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Ensuranai

Sea Dayaks (Iban)

Date:
19th century
Geography:
Sarawak (northern Borneo), Malaysia
Culture:
Iban people
Medium:
Coconut, wood, skin, rattan
Dimensions:
L. 100.5 cm (39½ in); Body: Diam. 15 cm (6 in.); D. 10 cm (4 in.); Finial depth. 24 cm (9½ in.) Bow 20.4 cm. (8 in.)
Classification:
Chordophone-Lute-bowed-unfretted
Credit Line:
The Crosby Brown Collection of Musical Instruments, 1889
Accession Number:
89.4.2365
  • Description

    The Iban people of northern Borneo formerly made the enserunai, a distinctive one-stringed instrument that was played with a small bow and had a resonating chamber made from a coconut shell or gourd. When playing, the performer sat on the ground and held the stem in the left hand with the resonator either resting against the calf of the leg or with the lower tip of the stem grasped in the toes. To get the proper sound, the string was moistened with saliva and the musician played it with the bow pressing down on the string at various points on the stem to vary the pitch as with a Western violin. Little is known about the contexts in which the instrument was used or its musical repertoire although its sound was quite soft. Enserunai were reportedly used to play the tunes of dirges sung for deaths or burials although whether the instrument was employed only when rehearsing or at the actual ceremonies is uncertain.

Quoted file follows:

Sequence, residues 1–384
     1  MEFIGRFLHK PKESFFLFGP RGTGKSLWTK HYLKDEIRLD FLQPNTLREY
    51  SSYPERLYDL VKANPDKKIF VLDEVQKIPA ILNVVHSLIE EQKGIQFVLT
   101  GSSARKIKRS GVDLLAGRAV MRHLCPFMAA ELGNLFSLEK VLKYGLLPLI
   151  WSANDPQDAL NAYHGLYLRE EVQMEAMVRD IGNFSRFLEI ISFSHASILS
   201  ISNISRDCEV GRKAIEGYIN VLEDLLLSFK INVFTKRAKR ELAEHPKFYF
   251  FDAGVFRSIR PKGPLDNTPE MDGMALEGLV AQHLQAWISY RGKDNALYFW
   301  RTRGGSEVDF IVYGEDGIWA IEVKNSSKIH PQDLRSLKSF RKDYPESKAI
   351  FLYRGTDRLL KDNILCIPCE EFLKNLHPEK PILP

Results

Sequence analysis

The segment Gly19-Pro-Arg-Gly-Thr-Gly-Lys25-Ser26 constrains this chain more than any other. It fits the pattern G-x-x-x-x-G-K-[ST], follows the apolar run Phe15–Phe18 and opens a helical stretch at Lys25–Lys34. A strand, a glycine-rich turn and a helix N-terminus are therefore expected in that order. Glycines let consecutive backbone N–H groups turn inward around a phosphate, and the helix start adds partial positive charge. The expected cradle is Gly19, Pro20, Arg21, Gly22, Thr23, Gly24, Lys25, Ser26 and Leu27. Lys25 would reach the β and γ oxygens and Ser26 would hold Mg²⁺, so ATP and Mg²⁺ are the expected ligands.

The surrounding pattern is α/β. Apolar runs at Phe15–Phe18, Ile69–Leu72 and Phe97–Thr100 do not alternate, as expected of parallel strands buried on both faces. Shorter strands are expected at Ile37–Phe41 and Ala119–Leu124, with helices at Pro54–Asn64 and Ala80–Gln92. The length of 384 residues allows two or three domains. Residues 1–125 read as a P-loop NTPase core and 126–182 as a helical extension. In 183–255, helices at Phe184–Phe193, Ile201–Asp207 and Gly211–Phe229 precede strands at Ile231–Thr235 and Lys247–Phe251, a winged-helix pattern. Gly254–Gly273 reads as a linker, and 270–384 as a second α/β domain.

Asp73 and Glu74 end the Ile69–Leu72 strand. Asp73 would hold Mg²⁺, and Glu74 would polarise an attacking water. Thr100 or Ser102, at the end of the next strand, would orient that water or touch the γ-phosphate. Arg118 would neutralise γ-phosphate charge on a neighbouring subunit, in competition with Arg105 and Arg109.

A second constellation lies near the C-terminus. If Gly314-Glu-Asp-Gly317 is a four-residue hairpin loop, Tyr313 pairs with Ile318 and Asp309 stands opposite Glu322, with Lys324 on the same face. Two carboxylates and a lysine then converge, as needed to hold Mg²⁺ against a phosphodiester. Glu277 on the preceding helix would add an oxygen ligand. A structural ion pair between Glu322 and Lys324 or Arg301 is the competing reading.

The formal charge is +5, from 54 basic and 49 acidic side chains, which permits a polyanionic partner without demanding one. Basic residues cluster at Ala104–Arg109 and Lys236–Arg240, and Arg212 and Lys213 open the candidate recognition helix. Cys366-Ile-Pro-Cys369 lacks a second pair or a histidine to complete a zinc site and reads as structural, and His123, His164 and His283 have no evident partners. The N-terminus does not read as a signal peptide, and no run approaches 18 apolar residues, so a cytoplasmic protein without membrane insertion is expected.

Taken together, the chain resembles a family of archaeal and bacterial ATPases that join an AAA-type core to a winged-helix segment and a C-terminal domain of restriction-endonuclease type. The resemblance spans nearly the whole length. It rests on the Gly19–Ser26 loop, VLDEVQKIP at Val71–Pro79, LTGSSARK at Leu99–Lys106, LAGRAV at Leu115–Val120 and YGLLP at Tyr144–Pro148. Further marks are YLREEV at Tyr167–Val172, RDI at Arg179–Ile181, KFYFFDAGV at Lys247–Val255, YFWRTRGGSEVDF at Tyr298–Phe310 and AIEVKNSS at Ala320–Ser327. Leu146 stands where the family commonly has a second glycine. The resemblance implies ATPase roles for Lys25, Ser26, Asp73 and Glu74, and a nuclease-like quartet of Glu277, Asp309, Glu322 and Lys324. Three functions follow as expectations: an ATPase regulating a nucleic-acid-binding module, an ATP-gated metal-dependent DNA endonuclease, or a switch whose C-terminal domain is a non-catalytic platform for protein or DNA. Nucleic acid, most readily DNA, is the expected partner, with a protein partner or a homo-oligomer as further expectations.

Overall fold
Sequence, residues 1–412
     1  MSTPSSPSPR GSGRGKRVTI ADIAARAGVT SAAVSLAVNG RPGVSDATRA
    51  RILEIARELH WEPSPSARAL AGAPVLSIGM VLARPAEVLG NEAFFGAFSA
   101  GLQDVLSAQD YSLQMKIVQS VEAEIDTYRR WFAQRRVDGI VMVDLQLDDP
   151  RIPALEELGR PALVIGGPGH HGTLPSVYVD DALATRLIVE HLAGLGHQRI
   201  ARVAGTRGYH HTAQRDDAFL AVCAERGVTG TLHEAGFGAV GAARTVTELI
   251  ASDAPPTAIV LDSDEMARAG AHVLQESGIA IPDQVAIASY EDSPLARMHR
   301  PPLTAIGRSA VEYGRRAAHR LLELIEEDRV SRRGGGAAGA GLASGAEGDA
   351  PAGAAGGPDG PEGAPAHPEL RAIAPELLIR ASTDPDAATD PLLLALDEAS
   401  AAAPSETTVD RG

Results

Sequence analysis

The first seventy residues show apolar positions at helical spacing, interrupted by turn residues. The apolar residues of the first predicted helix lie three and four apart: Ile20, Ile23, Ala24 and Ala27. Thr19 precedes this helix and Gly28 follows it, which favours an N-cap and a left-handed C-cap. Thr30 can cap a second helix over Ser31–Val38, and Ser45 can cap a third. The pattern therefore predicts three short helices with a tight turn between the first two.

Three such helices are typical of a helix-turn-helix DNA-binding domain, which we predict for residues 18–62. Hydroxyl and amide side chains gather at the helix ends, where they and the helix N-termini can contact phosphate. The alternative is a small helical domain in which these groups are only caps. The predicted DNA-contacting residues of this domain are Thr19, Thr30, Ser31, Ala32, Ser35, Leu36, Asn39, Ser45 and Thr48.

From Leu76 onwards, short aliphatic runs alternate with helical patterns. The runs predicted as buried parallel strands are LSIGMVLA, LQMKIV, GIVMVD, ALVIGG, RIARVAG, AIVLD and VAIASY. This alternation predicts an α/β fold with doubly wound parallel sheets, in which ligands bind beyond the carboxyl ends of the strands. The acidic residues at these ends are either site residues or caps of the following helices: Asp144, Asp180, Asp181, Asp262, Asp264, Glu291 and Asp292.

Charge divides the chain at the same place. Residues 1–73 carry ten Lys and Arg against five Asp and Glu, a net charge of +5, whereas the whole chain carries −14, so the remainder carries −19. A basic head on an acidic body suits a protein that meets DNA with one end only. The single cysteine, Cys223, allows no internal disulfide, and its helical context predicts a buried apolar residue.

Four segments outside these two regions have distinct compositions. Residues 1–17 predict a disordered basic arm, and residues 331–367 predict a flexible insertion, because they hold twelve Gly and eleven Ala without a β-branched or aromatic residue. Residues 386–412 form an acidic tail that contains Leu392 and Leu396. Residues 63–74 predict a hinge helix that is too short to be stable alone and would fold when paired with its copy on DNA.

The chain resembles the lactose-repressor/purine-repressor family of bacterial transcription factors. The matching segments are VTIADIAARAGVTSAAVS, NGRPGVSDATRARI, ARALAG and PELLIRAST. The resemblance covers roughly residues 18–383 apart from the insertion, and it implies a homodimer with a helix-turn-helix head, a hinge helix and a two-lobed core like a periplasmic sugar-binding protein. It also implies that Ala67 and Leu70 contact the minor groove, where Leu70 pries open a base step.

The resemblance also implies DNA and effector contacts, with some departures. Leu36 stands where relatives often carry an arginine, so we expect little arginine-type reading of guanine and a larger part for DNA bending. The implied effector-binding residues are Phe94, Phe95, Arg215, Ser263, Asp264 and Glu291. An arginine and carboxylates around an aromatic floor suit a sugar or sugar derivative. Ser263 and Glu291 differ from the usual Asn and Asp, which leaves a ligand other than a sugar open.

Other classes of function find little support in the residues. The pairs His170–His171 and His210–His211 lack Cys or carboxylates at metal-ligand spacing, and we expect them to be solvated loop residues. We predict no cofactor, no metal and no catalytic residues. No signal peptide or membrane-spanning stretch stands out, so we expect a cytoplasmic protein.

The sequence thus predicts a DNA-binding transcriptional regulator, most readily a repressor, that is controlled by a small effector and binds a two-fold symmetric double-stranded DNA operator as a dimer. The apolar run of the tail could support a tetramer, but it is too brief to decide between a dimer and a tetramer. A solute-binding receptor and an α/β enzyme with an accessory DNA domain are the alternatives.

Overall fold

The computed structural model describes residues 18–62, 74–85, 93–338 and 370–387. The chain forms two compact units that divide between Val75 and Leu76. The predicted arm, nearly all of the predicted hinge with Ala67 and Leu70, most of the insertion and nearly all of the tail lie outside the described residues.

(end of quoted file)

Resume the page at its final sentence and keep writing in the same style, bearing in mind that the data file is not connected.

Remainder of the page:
• Signatures, Inscriptions, and Markings

    Marking: in white ink on finial "0018"

  • Provenance

    Father Dunn (see letter 11/24/90) St. Francis Xavier's Mission, Kanowit, Sarawak, Borneo

  • References

    "Musical Instruments in The Metropolitan Museum." The Metropolitan Museum of Art Bulletin (1978), Vol. XXXV, No. 3, pg. 22, ill.

    Catalogue of the Crosby Brown Collection of Musical Instruments: Oceanica and America. The Metropolitan Museum of Art. New York, 1913, vol. II, pg. 17, ill.



  • See also
    Who
    What
    Where
    In the Museum
    Heilbrunn Timeline of Art History
    MetPublications
502724

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